Several months ago, Pulaski County and MoDOT reopened a similar type bridge to the east after an intensive restoration project. It was a joint venture to repair and preserve the Devil's Elbow Bridge in Devil's Elbow, Missouri. The Devil's Elbow Bridge project was heavily funded by grant money.  There has been much fanfare surrounding the accomplishment of restoring the bridge at Devil’s Elbow.  It was a process worth repeating for the Gasconade Bridge.  We hope officials will investigate and implement the practices used at Devil’s Elbow. 

To ensure the restoration of the bridge it is the duty of all local residents and Route 66 roadies to make contact with the list of people below. We need to make it known how important the bridge is to the world.  Take the time to write emails, send letters, and make phone calls.  Share this article containing important info to all concerned citizens and people in the Route 66 community.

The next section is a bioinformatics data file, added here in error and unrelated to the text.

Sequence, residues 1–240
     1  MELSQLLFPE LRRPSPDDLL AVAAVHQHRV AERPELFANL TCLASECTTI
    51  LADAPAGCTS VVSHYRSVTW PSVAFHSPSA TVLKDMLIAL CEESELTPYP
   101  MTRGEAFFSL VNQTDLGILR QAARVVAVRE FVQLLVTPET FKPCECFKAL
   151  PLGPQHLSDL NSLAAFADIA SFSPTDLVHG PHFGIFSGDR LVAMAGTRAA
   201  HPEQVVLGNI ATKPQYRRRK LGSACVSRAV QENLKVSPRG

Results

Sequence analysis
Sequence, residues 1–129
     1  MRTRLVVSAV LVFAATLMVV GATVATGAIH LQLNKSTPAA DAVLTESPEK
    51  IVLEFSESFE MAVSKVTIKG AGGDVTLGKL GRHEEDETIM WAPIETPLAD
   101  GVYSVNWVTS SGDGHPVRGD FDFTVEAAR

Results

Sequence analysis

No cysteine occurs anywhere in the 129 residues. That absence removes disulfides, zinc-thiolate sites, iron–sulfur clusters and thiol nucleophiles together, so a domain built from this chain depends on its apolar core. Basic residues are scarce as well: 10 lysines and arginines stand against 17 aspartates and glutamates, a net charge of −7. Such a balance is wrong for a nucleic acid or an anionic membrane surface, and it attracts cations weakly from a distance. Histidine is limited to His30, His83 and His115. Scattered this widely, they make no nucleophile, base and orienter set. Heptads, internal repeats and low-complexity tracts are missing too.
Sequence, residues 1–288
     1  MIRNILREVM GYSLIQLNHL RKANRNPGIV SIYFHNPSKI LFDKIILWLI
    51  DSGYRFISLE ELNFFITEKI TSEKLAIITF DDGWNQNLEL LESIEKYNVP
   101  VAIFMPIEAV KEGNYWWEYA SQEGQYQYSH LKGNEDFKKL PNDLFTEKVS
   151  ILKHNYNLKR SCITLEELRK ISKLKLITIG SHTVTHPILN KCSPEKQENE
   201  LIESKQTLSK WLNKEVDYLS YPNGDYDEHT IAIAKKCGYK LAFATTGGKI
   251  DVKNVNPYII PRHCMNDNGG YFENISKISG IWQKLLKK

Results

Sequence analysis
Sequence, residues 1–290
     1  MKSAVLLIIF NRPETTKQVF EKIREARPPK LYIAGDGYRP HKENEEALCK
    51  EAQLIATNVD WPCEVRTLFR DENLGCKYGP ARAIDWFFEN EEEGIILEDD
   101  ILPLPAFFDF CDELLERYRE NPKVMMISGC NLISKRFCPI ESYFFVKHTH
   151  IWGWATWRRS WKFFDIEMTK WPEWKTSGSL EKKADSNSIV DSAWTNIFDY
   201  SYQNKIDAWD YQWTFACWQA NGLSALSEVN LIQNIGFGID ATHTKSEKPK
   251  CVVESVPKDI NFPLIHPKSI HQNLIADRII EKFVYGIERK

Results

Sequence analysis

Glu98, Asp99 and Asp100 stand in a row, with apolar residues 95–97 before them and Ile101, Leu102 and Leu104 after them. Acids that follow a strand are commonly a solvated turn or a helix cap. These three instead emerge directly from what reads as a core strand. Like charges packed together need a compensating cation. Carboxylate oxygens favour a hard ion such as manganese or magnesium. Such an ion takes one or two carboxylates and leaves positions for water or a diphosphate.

Photos taken by Roamin' Rich at the bridge rally on Tuesday 12-23-14:

Important contacts   -Please let them know how you feel!-

  1. Katie Steele Danner with Missouri Tourism:         573-751-3051
  2. NATL Parks Route 66 Corridor Act:    505-988-6701 
  3. Federal Highways:  573-638-2620
  4. MO State Bridge Engineer: 573-751-4676
  5. MoDOT Comment Line:   573-751-3322 
  6. MO HWY Commission:   573-751-2824
  7. MO Senator Roy Blunt:     202-224-5721
  8. MO Historic Preservation office:                           573-751-7858
  9. MO REP Diane Franklin:     573-751-1119
  10. MO Rep Steve Lynch:      573-751-1446

Get involved quickly and easily!

  1. Sign the petition to save the bridge!
  2. Let MoDOT know your story about the bridge: